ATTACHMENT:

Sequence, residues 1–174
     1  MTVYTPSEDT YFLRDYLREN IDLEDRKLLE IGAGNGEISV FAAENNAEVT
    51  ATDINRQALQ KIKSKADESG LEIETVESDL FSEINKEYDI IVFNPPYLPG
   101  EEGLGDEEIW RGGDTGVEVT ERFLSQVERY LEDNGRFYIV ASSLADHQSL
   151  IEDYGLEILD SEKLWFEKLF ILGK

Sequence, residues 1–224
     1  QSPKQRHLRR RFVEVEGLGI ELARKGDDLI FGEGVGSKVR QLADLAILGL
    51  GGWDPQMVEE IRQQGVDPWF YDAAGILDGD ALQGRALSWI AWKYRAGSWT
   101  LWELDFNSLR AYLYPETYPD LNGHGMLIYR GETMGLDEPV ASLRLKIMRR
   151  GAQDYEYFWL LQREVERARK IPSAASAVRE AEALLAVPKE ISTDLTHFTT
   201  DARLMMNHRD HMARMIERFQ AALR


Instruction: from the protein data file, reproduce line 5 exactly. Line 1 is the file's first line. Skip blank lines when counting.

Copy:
   151  IEDYGLEILD SEKLWFEKLF ILGK